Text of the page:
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- The Man of Feeling - 20/20 -


think but in those regions which I contemplate, if there is any thing of mortality left about us, that these feelings will subsist;- -they are called,--perhaps they are--weaknesses here;--but there may be some better modifications of them in heaven, which may deserve the name of virtues." He sighed as he spoke these last words. He had scarcely finished them, when the door opened, and his aunt appeared, leading in Miss Walton. "My dear," said she, "here is Miss Walton, who has been so kind as to come and inquire for you herself." I could observe a transient glow upon his face. He rose from his seat--"If to know Miss Walton's goodness," said he, "be a title to deserve it, I have some claim." She begged him to resume his seat, and placed herself on the sofa beside him. I took my leave. Mrs. Margery accompanied me to the door. He was left with Miss Walton alone. She inquired anxiously about his health. "I believe," said he, "from the accounts which my physicians unwillingly give me, that they have no great hopes of my recovery."- -She started as he spoke; but recollecting herself immediately, endeavoured to flatter him into a belief that his apprehensions were groundless. "I know," said he, "that it is usual with persons at my time of life to have these hopes, which your kindness suggests; but I would not wish to be deceived. To meet death as becomes a man, is a privilege bestowed on few.--I would endeavour to make it mine;-- nor do I think that I can ever be better prepared for it than now: - -It is that chiefly which determines the fitness of its approach." "Those sentiments," answered Miss Walton, "are just; but your good sense, Mr. Harley, will own, that life has its proper value.--As the province of virtue, life is ennobled; as such, it is to be desired.- -To virtue has the Supreme Director of all things assigned rewards enough even here to fix its attachment."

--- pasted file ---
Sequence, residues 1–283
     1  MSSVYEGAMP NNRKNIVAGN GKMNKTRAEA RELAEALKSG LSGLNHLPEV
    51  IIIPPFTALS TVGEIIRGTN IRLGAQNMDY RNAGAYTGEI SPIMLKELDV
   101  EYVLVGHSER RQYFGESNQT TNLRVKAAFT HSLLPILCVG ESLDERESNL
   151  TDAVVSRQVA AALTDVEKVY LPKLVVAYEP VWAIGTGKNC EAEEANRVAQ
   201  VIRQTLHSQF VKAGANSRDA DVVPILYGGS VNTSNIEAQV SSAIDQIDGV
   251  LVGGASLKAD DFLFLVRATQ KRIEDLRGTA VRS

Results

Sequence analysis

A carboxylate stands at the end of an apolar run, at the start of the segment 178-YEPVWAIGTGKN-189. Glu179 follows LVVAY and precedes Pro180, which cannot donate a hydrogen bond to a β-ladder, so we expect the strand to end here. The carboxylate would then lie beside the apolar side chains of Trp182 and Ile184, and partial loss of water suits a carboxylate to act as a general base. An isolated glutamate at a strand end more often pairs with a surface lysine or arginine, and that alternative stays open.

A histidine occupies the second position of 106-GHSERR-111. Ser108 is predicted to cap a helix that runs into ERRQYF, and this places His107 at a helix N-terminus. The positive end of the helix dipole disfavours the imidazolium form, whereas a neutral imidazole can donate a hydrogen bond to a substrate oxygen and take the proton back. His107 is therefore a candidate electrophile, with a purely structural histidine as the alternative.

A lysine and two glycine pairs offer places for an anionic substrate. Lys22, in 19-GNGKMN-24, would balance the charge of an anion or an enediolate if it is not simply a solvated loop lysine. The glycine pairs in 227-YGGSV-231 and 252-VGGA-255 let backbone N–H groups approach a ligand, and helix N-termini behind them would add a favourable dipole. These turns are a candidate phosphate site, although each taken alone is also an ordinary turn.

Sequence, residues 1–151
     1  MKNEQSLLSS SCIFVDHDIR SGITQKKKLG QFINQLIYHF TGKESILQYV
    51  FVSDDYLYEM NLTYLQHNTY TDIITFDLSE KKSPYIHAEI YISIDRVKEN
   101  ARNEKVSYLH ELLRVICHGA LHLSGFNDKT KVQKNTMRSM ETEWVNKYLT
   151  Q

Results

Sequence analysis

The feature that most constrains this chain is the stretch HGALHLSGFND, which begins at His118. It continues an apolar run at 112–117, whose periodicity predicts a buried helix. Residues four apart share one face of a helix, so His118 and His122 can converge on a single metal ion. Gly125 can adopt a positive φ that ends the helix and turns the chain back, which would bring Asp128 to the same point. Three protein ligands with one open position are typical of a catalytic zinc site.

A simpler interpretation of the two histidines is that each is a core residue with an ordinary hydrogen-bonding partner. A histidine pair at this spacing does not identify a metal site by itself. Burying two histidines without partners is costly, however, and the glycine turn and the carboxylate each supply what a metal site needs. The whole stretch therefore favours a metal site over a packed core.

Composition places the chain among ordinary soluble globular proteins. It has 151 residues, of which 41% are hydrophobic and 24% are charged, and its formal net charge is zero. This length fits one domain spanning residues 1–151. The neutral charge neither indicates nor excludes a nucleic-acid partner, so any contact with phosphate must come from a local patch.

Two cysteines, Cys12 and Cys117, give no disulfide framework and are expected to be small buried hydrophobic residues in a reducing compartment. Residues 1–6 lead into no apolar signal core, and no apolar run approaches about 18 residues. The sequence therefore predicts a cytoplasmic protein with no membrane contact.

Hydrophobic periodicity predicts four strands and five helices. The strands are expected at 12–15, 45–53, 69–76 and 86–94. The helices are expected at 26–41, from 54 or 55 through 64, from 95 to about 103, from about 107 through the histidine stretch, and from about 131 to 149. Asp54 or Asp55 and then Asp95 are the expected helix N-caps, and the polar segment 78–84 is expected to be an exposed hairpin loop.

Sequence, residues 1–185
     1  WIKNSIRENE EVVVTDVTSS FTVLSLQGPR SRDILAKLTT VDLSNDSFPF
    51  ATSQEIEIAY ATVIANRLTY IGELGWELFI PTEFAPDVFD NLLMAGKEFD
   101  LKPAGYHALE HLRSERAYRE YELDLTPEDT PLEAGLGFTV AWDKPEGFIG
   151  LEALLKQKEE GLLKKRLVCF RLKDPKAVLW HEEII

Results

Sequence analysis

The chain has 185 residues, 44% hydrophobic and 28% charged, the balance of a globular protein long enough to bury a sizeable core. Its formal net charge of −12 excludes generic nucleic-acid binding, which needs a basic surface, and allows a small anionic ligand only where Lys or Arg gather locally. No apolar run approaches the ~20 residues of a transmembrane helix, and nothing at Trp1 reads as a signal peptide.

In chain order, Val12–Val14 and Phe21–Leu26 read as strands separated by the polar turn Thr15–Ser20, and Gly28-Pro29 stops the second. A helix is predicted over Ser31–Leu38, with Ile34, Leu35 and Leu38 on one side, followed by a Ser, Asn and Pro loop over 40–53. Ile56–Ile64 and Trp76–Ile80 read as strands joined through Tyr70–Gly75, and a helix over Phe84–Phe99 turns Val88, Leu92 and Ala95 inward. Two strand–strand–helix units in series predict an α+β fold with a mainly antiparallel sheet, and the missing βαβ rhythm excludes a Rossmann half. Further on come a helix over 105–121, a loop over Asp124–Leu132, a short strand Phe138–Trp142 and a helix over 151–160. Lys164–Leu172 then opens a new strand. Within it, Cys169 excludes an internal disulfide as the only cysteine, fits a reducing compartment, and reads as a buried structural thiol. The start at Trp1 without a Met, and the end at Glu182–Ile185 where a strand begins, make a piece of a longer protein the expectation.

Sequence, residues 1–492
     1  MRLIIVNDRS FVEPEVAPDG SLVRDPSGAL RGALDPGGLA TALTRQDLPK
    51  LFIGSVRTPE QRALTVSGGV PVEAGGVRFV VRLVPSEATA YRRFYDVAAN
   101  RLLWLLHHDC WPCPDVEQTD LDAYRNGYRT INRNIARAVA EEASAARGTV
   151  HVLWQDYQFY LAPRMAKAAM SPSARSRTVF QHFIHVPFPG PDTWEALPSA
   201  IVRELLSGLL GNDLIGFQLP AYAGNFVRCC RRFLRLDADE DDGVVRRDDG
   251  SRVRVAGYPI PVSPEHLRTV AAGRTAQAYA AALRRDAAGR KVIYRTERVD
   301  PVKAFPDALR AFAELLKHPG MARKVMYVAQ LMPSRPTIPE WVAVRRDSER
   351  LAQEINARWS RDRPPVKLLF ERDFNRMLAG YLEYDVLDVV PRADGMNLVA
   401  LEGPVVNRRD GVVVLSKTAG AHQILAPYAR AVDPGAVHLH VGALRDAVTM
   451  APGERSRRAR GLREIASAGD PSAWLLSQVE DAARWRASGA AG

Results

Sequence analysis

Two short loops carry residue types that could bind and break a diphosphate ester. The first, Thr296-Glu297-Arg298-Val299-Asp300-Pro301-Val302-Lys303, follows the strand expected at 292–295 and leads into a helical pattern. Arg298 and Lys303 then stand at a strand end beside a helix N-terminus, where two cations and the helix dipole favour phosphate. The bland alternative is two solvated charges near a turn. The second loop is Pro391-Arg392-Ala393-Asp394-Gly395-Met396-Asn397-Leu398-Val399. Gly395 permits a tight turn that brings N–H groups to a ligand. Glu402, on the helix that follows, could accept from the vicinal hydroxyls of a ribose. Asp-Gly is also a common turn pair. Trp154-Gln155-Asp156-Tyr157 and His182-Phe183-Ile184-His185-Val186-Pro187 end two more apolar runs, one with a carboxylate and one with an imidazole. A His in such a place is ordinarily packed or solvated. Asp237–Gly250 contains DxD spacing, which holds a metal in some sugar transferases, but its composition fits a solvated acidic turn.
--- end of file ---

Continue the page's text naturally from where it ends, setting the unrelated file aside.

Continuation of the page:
The subject began to overpower her.--Harley lifted his eyes from the ground--"There are," said he, in a very low voice, "there are attachments, Miss Walton"--His glance met hers.--They both betrayed a confusion, and were both instantly withdrawn.--He paused some moments--"I am such a state as calls for sincerity, let that also excuse it--It is perhaps the last time we shall ever meet. I feel something particularly solemn in the acknowledgment, yet my heart swells to make it, awed as it is by a sense of my presumption, by a sense of your perfections"--He paused again--"Let it not offend you, to know their power over one so unworthy--It will, I believe, soon cease to beat, even with that feeling which it shall lose the latest.--To love Miss Walton could not be a crime;--if to declare it is one--the expiation will be made."--Her tears were now flowing without control.--"Let me intreat you," said she, "to have better hopes--Let not life be so indifferent to you; if my wishes can put any value on it--I will not pretend to misunderstand you--I know your worth--I have known it long--I have esteemed it--What would you have me say?--I have loved it as it deserved."--He seized her hand-- a languid colour reddened his cheek--a smile brightened faintly in his eye. As he gazed on her, it grew dim, it fixed, it closed--He sighed and fell back on his seat--Miss Walton screamed at the sight- -His aunt and the servants rushed into the room--They found them lying motionless together.--His physician happened to call at that instant. Every art was tried to recover them--With Miss Walton they succeeded--But Harley was gone for ever.

CHAPTER LVI--THE EMOTIONS OF THE HEART